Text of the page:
Wayne Gross hit two home runs and Eddie Murray broke a tie with an eighth-inning homer tonight as the Baltimore Orioles defeated the Milwuakee Brewers, 5-3.
Gross pushed the Orioles ahead twice, in the fourth inning with a two-run homer and in the seventh with a bases-empty drive. But it was left to Murray to produce his 19th game-winning run batted in of the year, putting Baltimore ahead for good in the eighth. He hit a 3-0 pitch by reliever Jack Lazorko into the middle rows of the right field bleachers, making it 4-3.
Joe Nolan's sacrifice fly later in the inning ended the scoring.
Sammy Stewart relieved starter and winner Storm Davis entering the ninth to earn the save, his 12th. Davis threw 148 pitches, allowed 10 hits and pitched with a runner on second in all but three of eight innings.
In the eighth, Milwaukee tied the game, 3-3, using an infield single by Robin Yount, a walk to Ben Oglivie and an RBI double by catcher Bill Schroeder. But it could have been much worse for Baltimore. The inning ended with runners on second and third.
"That was a little tough," said Davis, now 13-7 with his first victory since Aug. 6. "In the course of a game, there are key innings. The fifth, when (Jim) Gantner hit into a double play, and the eighth . . . sometimes breaks go your way."
Breaks may not have mattered if Gross had not chased starter Tom Candiotti after 6 1/3 innings. Candiotti allowed only four hits but two were Gross' home runs. Another was a first-inning single by Murray, which extended his hitting streak to 20 games (Murray followed it with his ninth stolen base, tying John Shelby for the team lead).
"He was throwing a lot of off-speed pitches," said Gross, who leads American League third basemen with 19 home runs but was struggling before tonight with a one-for-15 batting slump. "His fast ball was 80 miles per hour. Even an average fast ball is clocked at 87. But that stuff is tough to hit when you're getting it over the plate."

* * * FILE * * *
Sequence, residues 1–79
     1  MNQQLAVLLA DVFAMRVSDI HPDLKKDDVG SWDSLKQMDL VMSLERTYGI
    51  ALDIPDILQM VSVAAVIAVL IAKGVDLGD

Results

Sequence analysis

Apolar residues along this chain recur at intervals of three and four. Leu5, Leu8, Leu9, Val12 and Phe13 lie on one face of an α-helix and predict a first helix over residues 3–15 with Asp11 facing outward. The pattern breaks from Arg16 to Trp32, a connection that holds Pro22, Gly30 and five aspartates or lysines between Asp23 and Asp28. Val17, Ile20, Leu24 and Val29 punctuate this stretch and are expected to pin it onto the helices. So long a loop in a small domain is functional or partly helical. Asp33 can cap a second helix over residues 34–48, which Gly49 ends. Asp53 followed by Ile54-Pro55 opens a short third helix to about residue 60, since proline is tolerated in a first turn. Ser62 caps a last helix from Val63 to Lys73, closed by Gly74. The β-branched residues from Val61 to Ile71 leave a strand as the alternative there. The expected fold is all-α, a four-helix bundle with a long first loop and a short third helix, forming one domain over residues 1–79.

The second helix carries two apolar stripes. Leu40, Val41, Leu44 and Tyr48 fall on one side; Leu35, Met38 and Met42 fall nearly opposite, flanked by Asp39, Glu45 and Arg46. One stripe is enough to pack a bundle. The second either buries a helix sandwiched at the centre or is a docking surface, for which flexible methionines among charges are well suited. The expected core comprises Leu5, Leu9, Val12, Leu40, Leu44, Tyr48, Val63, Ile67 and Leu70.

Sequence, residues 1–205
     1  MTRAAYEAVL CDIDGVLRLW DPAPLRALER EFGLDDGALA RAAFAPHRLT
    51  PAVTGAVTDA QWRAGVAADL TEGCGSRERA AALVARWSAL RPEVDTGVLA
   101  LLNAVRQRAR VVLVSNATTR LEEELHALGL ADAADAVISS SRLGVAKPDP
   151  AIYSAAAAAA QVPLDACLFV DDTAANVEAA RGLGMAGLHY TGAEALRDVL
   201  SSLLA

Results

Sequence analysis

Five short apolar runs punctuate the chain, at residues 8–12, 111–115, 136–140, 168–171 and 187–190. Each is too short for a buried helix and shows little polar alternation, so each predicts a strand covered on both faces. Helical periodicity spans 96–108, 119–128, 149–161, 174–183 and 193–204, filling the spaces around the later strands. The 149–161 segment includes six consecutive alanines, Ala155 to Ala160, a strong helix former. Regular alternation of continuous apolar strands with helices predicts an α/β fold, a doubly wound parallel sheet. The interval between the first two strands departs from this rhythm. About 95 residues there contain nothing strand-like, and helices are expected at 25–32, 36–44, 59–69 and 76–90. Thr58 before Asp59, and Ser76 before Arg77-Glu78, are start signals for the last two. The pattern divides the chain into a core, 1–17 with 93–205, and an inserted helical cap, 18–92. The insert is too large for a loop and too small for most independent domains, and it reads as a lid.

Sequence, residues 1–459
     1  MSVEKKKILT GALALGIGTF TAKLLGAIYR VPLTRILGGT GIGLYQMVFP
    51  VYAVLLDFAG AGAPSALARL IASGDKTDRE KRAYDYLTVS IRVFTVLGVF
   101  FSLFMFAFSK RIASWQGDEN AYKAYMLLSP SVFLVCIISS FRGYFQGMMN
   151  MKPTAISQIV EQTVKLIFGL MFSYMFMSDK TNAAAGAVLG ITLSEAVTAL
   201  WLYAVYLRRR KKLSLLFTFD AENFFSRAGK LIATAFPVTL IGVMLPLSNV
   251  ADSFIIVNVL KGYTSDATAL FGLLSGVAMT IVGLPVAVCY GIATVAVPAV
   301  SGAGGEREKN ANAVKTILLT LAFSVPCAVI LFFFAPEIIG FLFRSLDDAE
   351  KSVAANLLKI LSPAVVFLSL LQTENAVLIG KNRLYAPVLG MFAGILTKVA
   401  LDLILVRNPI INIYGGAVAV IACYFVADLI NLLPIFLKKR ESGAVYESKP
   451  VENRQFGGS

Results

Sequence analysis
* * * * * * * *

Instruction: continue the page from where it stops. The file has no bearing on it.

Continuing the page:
Milwaukee took a 1-0 lead in the third on Dion James' RBI double. Gross answered in the fourth with Rick Dempsey on first base. Candiotti served up a slow curve that Gross sent over the right field fence just above the 360-foot sign.
"I hit that ball perfect," Gross said. "It was a real slow curve . . . The second one was a change-up that I double-clutched on. I hit it high. I thought it was going farther than it did." The ball landed in the second row of the right field bleachers.
That gave the Orioles a 3-2 lead in the seventh and, after Dempsey walked, Candiotti departed. The Brewers had tied the score in the sixth when Yount singled, advanced to second on Cecil Cooper's fly to deep center field, and scored on Oglivie's double to left.
After the Brewers rallied once again to tie, Murray was waiting for fast balls. After Lazorka retired Cal Ripken Jr., who was hitless for the third straight game, Murray got what he wanted. So did the Orioles.
Even while going hitless, Ripken almost started something by walking with two out in the first inning. Murray followed with his hit and steal and John Lowenstein walked on five pitches. When Candiotti went to a 3-2 count on Ken Singleton, the crowd came alive. But Singleton went down swinging on a curve.
The victory made Baltimore's record 27-29 against East Division teams. Since 1969, the Orioles have gone through a season with a losing record within the division just once, 44-46 in 1978.
Two pins were inserted today into Orioles pitcher Scott McGregor's left-hand ring finger, broken Aug. 28. McGregor underwent sugery as an outpatient and the pins were inserted to stabilize a bone chip. They will remain in place for four to six weeks.